Finally, you have secured the perfect building / office / factory / warehouse. No doubt this has taken you months of work. But your work is not over just yet. It is imperative that you negotiate favourable terms in the commercial lease agreement that you will need to secure your perfect building / office / factory / warehouse.

Your lease is likely to constitute one of your biggest outgoings; don’t make it a source of liability for years to come by failing to get the terms and conditions your business needs to operate successfully and thrive.

Believe it or not, negotiating a commercial lease is an art. Remember, when you are presented with the commercial lease agreement, the terms will always be weighted in favour of the landlord. He or she will expect you to negotiate. A human resources professional once told me, “whenever we recruit someone cheap, we think how lucky we are”. A landlord is in the same position as an employer in the sense that if you fail to negotiate, he or she will think they have struck pay dirt.

Much of your power to negotiate will depend on the rental market at the time and whether it is in your favour as a tenant (i.e. there are plenty of properties around) or the landlord (good premises are in short supply). According to RICS Q2 2016: UK Commercial Property Market Survey, Brexit has hit the commercial property sector hard, especially in London. Occupier demand has failed to rise for the first time since 2012. If this uncertainty continues, (which is likely), then the odds may be stacked in your favour when it comes to negotiating.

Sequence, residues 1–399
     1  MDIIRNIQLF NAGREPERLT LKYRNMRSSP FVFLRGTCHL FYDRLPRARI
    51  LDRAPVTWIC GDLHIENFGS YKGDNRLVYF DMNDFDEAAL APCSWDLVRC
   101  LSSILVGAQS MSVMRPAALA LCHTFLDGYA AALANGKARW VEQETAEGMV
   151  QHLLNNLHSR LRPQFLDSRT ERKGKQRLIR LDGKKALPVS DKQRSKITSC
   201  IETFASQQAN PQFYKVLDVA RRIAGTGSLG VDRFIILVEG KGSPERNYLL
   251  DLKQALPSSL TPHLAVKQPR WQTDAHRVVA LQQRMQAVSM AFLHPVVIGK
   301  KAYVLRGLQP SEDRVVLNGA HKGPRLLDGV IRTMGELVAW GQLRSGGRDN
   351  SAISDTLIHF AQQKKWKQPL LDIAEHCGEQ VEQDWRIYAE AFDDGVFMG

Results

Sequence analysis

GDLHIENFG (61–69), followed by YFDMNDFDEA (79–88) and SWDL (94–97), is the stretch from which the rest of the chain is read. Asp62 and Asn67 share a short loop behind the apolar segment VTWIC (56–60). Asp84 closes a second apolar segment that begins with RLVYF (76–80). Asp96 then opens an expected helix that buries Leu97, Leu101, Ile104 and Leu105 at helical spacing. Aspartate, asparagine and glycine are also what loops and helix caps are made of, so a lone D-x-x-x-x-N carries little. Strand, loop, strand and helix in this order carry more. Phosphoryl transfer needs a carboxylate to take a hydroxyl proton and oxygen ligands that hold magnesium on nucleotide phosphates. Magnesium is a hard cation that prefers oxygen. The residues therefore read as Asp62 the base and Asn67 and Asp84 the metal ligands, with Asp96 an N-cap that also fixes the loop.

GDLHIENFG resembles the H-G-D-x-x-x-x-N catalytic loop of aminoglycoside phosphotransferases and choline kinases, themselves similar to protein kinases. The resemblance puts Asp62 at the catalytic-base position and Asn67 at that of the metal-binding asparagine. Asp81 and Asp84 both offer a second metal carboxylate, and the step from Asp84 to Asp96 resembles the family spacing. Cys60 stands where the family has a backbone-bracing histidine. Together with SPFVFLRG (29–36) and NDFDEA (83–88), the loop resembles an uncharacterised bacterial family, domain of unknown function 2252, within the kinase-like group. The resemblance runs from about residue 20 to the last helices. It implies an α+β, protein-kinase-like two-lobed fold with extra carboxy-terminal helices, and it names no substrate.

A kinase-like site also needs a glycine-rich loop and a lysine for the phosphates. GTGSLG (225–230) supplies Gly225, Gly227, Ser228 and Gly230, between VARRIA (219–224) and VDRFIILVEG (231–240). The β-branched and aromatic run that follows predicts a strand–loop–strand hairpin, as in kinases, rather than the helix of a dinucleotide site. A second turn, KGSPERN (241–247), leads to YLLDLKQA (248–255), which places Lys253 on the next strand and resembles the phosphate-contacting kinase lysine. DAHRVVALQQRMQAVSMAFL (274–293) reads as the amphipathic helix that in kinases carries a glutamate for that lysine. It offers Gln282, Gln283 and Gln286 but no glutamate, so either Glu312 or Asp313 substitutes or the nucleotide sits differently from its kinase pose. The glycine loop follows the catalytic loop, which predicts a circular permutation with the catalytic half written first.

With this in mind, let’s look at some key areas of a commercial lease that you must always negotiate.

The length of the lease

Ideally, you want to have a lease that is protected by the Landlord and Tenant Act (1954).

This will ensure you have a right to renew the lease automatically when the old one expires and the landlord can only object to the renewal on limited grounds. If you only want the lease for a very short term, you may choose to exclude the Landlord and Tenant Act provisions, but it is essential that you seek legal advice so you understand the full consequences of your decision to opt out of security of tenure. As your business grows, security of tenure will become more important if you’ve found the perfect commercial location.

Rent and rent free periods

Landlords are not usually open to negotiation on rent. However, this does not mean you should not try to get more for your money. If you cannot get the rent reduced to an affordable level, can the landlord offer you a car-parking space or a credit against the cost of public parking?

Possibly even a few months reduced rent to compensate for the cost of moving? What about a rent free period?

Rent free periods are actually common in commercial leases. As the market softens in response to Brexit, you may find your landlord will offer you a payment holiday just to get you signed up. If there are repairs that need done and it is not practical for the landlord to attend to them before you move in, you could ask for a rent free period to be compensated for the cost of repairs and lost business whilst they are being carried out.